• Mind-Altering Drug Use Some drugs, including cannabis and psychoactive drugs such as LSD, have been linked to the development of schizoaffective disorder.
  • Stress Distressing events such as the end of a marriage, job loss, or a death in the family can trigger this condition.

Symptoms of Schizoaffective Disorder

Symptoms are different in each person. Often, people with schizoaffective disorder seek treatment for problems with mood, daily function, or abnormal thoughts.

Psychosis and mood problems may occur at the same time or by themselves. The disorder may involve cycles of severe symptoms followed by improvement.

The symptoms can include:

  • Changes in appetite and energy
  • Disorganized speech that is not logical
  • False beliefs (delusions), such as thinking someone is trying to harm you (paranoia) or thinking that special messages are hidden in common places (delusions of reference)
  • Lack of concern with hygiene or grooming
  • Mood that is either too good, or depressed or irritable
  • Problems sleeping
  • Problems with concentration
  • Sadness or hopelessness
  • Seeing or hearing things that are not there (hallucinations)
  • Social isolation
  • Speaking so quickly that others cannot interrupt you

Risk Factors

  • Family history of mental illness (especially when having first-degree relatives who have schizoaffective disorder, bipolar disorder, or schizophrenia)
  • The presence of other mental health disorders
  • Substance abuse
  • Having been the victim of abuse and/or neglect
  • Developmental delays
  • Prenatal exposure to certain toxins or illnesses (including drugs and alcohol)

Complications of Schizoaffective Disorder

There are a number of potential complications of having schizoaffective disorder, including:

  • Health problems
  • Homelessness
  • Impaired academic and occupational functioning
  • Interpersonal conflicts
  • Poverty
  • Social isolation
  • Substance use
  • Suicidal thoughts and attempts
  • Trouble adhering to treatment
  • Unemployment


Diagnosis involves ruling out other mental health disorders and concluding that symptoms are not due to substance use, medication or a medical condition. Determining a diagnosis of schizoaffective disorder may include:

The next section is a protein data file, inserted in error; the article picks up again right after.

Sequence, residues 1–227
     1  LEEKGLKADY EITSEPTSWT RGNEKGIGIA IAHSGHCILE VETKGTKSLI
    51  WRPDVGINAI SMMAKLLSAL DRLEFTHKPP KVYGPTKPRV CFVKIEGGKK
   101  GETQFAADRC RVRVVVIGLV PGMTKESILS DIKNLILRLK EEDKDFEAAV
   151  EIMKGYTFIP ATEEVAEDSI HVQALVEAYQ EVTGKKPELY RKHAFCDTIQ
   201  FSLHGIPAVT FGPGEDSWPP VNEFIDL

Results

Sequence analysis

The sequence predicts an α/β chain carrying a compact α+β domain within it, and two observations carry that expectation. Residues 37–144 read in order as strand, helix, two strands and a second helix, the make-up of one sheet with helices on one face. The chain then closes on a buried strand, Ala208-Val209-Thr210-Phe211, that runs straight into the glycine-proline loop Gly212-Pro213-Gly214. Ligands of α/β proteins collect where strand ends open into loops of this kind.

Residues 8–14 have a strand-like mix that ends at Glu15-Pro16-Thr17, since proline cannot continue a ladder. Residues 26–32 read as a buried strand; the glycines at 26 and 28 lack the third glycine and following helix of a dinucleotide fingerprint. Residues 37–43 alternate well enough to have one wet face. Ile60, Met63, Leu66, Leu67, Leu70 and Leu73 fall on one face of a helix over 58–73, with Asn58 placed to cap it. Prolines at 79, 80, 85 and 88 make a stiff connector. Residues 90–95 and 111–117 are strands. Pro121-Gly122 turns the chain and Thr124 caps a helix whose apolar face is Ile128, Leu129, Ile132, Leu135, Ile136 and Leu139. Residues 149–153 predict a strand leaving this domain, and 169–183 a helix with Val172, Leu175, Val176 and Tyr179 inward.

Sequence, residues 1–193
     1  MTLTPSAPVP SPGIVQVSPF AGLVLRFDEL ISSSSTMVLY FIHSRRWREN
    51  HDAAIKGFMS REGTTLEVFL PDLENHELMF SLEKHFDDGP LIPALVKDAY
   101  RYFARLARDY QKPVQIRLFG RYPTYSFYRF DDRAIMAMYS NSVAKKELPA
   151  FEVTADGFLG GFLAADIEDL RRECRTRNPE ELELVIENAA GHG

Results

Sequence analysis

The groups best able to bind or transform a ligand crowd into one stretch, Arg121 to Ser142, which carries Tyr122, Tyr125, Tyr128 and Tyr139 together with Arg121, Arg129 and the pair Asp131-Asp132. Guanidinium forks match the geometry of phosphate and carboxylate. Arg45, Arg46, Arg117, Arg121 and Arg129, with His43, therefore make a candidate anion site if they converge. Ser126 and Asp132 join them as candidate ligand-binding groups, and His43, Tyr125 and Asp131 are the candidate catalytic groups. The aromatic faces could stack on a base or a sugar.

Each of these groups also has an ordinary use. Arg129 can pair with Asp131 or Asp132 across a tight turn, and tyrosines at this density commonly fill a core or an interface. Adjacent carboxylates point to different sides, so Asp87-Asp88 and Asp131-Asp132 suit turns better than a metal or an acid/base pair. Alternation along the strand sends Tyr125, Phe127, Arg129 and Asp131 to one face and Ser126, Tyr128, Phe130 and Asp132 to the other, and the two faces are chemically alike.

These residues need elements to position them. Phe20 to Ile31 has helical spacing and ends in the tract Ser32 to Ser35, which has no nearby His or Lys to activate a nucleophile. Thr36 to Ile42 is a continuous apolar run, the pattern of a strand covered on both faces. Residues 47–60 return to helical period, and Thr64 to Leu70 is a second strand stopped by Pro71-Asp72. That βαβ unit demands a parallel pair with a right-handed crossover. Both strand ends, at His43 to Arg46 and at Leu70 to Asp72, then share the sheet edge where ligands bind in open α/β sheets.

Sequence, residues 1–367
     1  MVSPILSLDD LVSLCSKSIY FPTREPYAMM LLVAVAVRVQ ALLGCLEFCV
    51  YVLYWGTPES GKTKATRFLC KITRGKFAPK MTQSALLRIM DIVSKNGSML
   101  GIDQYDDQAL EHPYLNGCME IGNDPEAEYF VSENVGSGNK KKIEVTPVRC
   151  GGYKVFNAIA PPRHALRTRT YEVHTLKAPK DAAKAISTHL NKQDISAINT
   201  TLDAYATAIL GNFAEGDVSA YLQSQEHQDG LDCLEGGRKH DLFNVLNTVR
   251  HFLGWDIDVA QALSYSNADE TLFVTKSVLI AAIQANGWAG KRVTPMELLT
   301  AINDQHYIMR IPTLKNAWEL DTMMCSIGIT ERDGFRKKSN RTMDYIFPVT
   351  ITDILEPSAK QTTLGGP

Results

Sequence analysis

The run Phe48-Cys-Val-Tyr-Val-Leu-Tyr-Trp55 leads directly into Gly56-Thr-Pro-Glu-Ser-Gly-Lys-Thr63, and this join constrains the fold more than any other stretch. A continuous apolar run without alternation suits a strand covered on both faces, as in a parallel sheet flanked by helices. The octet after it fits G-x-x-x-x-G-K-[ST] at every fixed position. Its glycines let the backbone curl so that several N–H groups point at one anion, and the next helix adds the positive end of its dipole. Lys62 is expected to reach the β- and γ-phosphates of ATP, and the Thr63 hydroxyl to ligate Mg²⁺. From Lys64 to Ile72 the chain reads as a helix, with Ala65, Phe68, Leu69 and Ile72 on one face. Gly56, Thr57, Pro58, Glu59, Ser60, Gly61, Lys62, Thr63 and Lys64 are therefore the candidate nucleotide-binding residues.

• Physical exam. This may be done to help rule out other problems that could be causing symptoms and to check for any related complications.
  • Tests and screenings. These may include tests that help rule out conditions with similar symptoms, and screening for alcohol and drugs. In certain situations, the doctor may also request imaging studies, such as an MRI or CT scan.
  • Psychiatric evaluation. A doctor or mental health professional checks mental status by observing appearance and demeanor and asking about thoughts, moods, delusions, hallucinations, substance use and potential for suicide. This also includes a discussion of family and personal history.
  • Diagnostic criteria for schizoaffective disorder. Your doctor or mental health professional may use the criteria in the Diagnostic and Statistical Manual of Mental Disorders DSM-5, published by the American Psychiatric Association.

Treatment for Schizoaffective Disorder

People with schizoaffective disorder generally respond best to a combination of medications, psychotherapy and life skills training. Treatment varies, depending on the type and severity of symptoms and whether the disorder is the depressive or bipolar type. In some cases, hospitalization may be needed. Long-term treatment can help to manage the symptoms.


In general, doctors prescribe medications for schizoaffective disorder to relieve psychotic symptoms, stabilize mood and treat depression. These medications may include:

  • Antipsychotics. The only medication approved by the Food and Drug Administration specifically for the treatment of schizoaffective disorder is the antipsychotic drug paliperidone (Invega). However, doctors may prescribe other antipsychotic drugs to help manage psychotic symptoms such as delusions and hallucinations.